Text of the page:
Studying at tertiary level is a mentally and emotionally challenging time for many young people. So many feel self-doubt about their chosen field of study, whether they’ll find a job, whether they’re good enough, whether they should continue or intensely afraid of failing. These are all extremely natural and normal feelings, but when they’re happening to you it can be incredibly overwhelming and difficult to deal with. It makes you feel like you’re the only person struggling while everyone else seems to be getting along fine – but rest assured that everyone is having their own internal battle of some kind, and you aren’t strange. There are many different ways your mental health can be affected as a student, and the two most common are:
- Depression. If you’re struggling to get out of bed and want to spend all your time sleeping, find yourself disconnected from classes and other people, and just feel consistently miserable and dispirited, you may have depression.
- Anxiety. Most people experience anxiety of some kind, but it can be much worse for some than others. Severe anxiety makes it difficult to eat, difficult to think about anything besides the thing that’s causing you anxiety, and can cause nausea and symptoms of sickness.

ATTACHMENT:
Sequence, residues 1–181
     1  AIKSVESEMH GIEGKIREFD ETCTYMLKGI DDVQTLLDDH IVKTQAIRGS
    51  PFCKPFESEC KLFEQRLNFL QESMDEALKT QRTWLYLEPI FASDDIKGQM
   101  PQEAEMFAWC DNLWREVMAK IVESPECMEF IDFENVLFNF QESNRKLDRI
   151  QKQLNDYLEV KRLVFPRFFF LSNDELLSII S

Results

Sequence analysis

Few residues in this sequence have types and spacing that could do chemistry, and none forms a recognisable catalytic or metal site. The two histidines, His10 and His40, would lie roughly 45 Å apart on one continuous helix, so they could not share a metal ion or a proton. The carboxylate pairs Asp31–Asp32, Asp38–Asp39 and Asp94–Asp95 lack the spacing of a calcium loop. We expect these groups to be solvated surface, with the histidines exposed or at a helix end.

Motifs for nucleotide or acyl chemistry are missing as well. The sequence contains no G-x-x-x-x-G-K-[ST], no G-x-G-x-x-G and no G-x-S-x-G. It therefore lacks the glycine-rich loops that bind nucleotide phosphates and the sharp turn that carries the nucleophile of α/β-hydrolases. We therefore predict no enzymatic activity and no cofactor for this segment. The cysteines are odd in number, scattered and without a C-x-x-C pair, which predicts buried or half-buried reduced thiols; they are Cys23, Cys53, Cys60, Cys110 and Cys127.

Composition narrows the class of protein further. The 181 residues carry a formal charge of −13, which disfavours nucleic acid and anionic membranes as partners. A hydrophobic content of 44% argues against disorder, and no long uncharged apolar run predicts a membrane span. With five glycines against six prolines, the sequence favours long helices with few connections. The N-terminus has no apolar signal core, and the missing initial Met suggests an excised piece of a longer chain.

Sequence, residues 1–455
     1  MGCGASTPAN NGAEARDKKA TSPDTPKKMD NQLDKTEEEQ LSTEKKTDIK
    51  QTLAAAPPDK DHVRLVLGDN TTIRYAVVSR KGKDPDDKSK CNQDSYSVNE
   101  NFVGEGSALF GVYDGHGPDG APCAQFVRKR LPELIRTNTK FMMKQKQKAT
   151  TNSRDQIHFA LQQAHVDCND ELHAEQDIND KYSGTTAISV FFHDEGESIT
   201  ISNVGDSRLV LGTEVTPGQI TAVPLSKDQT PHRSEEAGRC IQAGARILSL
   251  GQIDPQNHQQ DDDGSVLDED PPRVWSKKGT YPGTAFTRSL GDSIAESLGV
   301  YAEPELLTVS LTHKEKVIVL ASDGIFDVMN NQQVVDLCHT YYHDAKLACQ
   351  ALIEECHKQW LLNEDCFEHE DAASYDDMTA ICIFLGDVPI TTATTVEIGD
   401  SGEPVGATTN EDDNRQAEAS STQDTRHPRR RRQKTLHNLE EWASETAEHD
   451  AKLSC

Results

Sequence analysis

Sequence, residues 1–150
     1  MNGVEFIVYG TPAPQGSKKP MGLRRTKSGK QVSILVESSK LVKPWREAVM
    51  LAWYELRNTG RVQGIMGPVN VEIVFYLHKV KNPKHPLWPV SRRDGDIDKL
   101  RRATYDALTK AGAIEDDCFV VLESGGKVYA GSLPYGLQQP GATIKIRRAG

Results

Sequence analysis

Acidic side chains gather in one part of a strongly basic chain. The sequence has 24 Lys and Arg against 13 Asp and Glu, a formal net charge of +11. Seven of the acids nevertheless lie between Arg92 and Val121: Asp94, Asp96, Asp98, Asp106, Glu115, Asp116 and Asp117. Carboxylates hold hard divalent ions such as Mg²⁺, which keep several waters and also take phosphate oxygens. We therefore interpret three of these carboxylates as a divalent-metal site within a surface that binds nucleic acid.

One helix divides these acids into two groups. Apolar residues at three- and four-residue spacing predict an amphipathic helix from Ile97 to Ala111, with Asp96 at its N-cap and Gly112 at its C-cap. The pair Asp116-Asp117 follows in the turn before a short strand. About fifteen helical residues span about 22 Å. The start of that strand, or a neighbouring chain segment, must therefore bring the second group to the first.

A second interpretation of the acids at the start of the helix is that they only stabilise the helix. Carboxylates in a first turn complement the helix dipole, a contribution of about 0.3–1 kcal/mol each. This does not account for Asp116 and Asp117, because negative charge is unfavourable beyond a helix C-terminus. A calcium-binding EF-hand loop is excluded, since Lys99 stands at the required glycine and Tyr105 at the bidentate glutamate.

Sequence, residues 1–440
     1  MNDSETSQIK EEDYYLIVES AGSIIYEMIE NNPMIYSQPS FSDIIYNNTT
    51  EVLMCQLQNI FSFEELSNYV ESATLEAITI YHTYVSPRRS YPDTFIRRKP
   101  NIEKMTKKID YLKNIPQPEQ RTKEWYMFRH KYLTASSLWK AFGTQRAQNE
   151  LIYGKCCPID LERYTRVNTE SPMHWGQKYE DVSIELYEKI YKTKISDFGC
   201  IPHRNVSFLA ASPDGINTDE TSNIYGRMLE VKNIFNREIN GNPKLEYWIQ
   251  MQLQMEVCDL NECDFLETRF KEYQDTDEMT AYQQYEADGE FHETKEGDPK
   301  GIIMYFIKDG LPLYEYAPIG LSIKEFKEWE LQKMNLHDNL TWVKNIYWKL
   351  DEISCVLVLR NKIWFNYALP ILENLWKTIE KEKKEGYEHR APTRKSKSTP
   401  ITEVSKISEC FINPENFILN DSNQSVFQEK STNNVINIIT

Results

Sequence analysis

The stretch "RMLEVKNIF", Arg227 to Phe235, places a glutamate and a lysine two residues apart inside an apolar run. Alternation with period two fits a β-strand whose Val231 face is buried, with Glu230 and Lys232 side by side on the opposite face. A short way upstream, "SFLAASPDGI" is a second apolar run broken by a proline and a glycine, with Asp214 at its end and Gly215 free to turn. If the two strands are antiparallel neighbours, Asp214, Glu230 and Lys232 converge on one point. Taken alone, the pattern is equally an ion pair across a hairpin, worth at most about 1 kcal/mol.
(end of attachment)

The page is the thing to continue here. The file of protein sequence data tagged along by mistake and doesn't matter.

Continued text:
There are of course others, but many students will find their symptoms falling into either of these categories. New Zealand in particular has a culture of stoicism, so it can be very easy to tell yourself “I’m just sad or stressed, I don’t actually have depression.” Correctly identifying your unhappiness is the first step towards dealing with it.
If you identify with a particular mental illness, you don’t have to deal with it on your own. Almost all tertiary institutions provide student counselling services free of charge, where you can talk to someone who understands what you’re going through and is able to help and offer advice. If you receive an official diagnosis from a professional, you’ll be able to talk to your professors and tutors and work something out when you’re feeling too overwhelmed to work properly. You should also not hesitate to take time off from study to recuperate if you need to.
As a student, taking care of your mental health is just as important as your physical health. It affects not only your study but your everyday happiness and wellbeing. If you are concerned about your mental health, see a professional at your local doctor or student health centre as soon as possible. There are a number of free helplines you can call anytime if needed, as well as resources on offer to help you.